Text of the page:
This mosaic noodle craft was SO much fun!! We colored elbow noodles and I had no clue at first what we should do with them, and this is what we ended up with. It turned into a great craft to work on fine motor skills and complement our homeschool history lesson.
Educational Craft for the Whole Family
We stumbled upon a craft that is truly a gem for the whole family! When you are caring for four kiddos like I am, finding an activity that they can all do together is a major win. Well, the youngest didn’t participate since she’s only one year old, BUT three out of four is good enough for me! No matter the age of your child, toddler and up, this is an activity you will enjoy.
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This open-ended craft allows your kids to come up with their own design. They can make a pattern, create an actual image, or just scatter the noodles. As you can see, each of my 3 kiddos took a different approach, which was so fun!
An added bonus for school-aged kids: this can be used as a supplemental activity to any lessons involving this style of design. We had been learning about ancient Rome when I was inspired to try this craft out!
What You’ll Need
- Uncooked elbow noodles
- Food coloring
- Plastic sandwich baggies
- Rolling pin
1. Dye the noodles
*Plan ahead of the craft to color the noodles and allow time to dry* Choose what colors you’d like to use for the craft. We just did a handful of each color of the rainbow, leaving the noodles uncolored for yellow.
To dye the noodles, put a few drops of each color in separate baggies with about ½ cup of vinegar. The amount of vinegar will depend on how many noodles you put in it, so if it seems like too little then feel free to add more! Once the noodles are covered, let them sit for a little while, flipping them around occasionally for even coverage.
I let ours sit for about a half hour, then dumped each bag into a colander to rinse off excess dye with water one at a time. Put them on some paper towels and spread out to dry for an hour or so. Once the noodles are dry, you’re ready to craft with them!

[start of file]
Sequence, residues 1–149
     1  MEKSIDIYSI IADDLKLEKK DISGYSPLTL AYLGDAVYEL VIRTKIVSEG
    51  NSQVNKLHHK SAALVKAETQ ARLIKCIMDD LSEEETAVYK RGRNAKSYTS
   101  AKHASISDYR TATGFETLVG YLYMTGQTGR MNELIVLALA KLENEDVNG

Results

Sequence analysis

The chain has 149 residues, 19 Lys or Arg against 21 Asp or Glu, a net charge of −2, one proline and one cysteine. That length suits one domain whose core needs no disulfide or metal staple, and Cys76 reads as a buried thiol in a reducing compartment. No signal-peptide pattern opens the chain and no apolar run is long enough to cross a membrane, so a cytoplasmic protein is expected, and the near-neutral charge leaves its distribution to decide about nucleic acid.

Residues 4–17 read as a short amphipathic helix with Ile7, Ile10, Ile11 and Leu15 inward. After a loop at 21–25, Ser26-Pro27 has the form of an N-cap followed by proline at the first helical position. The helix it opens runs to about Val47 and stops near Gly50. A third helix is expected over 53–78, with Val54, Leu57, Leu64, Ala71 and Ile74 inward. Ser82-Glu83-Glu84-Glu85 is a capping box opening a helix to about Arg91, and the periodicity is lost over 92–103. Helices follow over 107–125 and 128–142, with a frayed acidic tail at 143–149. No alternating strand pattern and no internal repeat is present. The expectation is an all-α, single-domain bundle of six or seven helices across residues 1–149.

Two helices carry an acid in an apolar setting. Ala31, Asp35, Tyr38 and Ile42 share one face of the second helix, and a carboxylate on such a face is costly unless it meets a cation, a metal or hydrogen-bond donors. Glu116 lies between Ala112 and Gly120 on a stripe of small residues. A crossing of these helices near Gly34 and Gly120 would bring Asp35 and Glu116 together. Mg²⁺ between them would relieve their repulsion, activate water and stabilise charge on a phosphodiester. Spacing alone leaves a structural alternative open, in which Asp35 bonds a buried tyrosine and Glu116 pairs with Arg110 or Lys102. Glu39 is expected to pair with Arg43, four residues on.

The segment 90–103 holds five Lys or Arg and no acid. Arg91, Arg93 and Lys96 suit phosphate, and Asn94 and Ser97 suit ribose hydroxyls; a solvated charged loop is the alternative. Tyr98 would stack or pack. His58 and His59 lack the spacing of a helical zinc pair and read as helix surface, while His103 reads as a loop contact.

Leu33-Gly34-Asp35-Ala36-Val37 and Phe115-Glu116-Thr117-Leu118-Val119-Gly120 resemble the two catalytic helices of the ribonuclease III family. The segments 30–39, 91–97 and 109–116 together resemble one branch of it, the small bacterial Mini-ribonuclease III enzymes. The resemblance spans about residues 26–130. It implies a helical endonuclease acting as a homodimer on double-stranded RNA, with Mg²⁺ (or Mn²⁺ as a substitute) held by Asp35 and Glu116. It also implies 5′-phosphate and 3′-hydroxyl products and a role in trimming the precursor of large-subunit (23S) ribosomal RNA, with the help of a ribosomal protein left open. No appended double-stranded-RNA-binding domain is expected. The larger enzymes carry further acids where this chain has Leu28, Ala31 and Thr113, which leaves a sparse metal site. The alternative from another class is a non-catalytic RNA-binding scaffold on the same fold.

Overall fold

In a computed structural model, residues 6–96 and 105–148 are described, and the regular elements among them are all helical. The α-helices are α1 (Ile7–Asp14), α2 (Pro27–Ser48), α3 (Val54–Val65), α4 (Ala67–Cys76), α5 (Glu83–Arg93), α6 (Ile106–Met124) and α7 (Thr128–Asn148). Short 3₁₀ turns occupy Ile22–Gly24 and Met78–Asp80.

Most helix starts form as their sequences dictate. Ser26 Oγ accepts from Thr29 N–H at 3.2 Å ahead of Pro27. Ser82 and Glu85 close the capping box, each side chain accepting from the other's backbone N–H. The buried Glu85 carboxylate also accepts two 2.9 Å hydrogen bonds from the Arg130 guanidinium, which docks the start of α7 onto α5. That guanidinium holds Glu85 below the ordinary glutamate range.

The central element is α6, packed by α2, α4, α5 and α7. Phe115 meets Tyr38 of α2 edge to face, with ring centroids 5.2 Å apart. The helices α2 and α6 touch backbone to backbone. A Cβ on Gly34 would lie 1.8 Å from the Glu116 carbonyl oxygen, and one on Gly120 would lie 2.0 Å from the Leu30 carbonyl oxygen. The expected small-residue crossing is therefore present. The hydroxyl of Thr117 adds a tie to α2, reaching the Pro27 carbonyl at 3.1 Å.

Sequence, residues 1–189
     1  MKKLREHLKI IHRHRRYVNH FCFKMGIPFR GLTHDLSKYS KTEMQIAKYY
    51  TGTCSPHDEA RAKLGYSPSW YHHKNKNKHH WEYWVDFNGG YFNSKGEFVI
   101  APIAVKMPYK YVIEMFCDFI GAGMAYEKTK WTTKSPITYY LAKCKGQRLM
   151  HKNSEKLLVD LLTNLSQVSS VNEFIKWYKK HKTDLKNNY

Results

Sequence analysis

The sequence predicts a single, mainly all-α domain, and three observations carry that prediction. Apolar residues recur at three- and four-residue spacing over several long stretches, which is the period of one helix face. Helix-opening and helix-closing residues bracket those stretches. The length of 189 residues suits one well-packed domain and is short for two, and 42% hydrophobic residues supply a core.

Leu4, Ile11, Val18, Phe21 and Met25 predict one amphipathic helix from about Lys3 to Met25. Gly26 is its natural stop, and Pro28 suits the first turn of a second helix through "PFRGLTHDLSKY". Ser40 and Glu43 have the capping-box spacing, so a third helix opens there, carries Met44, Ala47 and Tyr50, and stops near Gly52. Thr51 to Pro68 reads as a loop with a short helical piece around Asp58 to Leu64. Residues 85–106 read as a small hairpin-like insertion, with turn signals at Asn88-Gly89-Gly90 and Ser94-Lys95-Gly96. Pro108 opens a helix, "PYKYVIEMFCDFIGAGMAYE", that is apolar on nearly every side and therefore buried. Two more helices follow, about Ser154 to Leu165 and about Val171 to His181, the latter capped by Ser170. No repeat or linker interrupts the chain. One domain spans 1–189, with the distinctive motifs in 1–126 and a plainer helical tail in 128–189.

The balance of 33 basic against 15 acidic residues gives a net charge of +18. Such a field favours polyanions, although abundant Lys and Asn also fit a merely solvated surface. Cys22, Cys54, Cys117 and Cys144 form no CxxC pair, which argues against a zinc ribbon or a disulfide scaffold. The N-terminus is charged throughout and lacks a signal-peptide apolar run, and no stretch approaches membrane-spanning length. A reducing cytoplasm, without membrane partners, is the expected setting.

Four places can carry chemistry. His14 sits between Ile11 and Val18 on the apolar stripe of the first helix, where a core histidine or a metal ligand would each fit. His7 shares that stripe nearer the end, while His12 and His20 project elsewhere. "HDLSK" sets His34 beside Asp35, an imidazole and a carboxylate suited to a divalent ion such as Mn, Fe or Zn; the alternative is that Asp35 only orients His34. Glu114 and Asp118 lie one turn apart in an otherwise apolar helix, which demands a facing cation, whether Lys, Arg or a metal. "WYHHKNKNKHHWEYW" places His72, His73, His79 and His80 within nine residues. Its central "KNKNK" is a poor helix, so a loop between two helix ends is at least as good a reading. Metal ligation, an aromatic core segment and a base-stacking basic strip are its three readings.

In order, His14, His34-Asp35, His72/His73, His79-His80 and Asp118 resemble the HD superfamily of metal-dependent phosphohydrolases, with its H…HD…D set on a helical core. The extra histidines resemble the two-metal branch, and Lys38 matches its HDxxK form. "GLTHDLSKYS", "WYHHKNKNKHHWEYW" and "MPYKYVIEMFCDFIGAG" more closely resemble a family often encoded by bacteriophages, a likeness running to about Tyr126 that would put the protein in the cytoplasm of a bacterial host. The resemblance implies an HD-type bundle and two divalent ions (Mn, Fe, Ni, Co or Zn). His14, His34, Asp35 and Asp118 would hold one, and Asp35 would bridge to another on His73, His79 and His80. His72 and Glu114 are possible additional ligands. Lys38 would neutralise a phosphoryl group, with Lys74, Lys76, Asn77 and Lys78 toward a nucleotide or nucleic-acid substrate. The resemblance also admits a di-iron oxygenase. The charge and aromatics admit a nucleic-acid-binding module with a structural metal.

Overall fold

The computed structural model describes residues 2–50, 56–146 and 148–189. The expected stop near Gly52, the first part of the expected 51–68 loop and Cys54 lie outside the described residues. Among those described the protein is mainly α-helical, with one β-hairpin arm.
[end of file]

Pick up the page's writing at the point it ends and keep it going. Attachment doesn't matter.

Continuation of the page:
2. Make the Salt Dough
Next we will make our base to press the noodles into. We went with a quick salt dough mix since it is so easy! Simply mix together 2 parts flour, 1 part salt, and 1 part water.
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Knead the dough so that it becomes smooth and not sticky or crumbly. If it is sticky, add a little bit of flour; if it’s crumbly then add some water. Once you’re happy with the consistency, separate it out into however many mosaics you’ll be making and roll them out to be about 1/2 inch thick.
The amounts we used were 2 cups flour, 1 cup water and salt. This provided enough to make the 3 rounds used as well as plenty more for seconds. So if you’re only working with one or two children, 1 cup/.5 cup/.5 cup should be fine!
3. Plan the Design
Now for the fun part! For younger kids, you can leave them to their own random placement and it will still turn out cool (see Mister 3’s in the picture below). But preschoolers and up will likely be able to follow at least a simple design.
If your child is interested in making an actual image out of their noodles, let their artistic side shine! Miss 7 really enjoyed making a heart.
4. Making the Mosaic Noodle Craft
To put it together, the noodles simply need to be pushed into the salt dough. To make it less confusing for the kids making a pattern or image, I suggest filling in one section or using one color at a time. In my daughters example, she made the outline of the heart all in one color before going back to fill it in.
Something else to consider is if there is a background to be filled in. Miss 7 made her heart all one color and then chose to do a scattered background. Another option would be to use a solid color background to help the image to really stand out.
In Mister 5’s case, he went for the patterned approach and followed his pattern until the end of the dough, with a few scattered around for fun. And of course Mister 3 just went for the abstract look. All were very pleased with how theirs turned out!
5. Drying the Mosaic Noodle Craft
Leave the craft to dry for awhile, or place in the oven at 200 F until dry. If you choose to put them in the oven, the noodle colors may darken or dull a bit, but it shouldn’t be too drastic.
This mosaic noodle craft is an excellent craft to keep on display. The salt dough should be hard at this point but it can break if dropped or snapped in half. Ask me and my oldest’s first Christmas handprint ornament how we know!
We really enjoyed making this craft. Our inspiration came from reading about mosaic floor tiles in Rome 2,000 years ago. They would make the flooring by putting colored glass or stone into plaster!
Connecting an activity like this one to a lesson is the best way to help them remember. I bet your kids will be so proud of their ancient Rome mosaic noodle craft!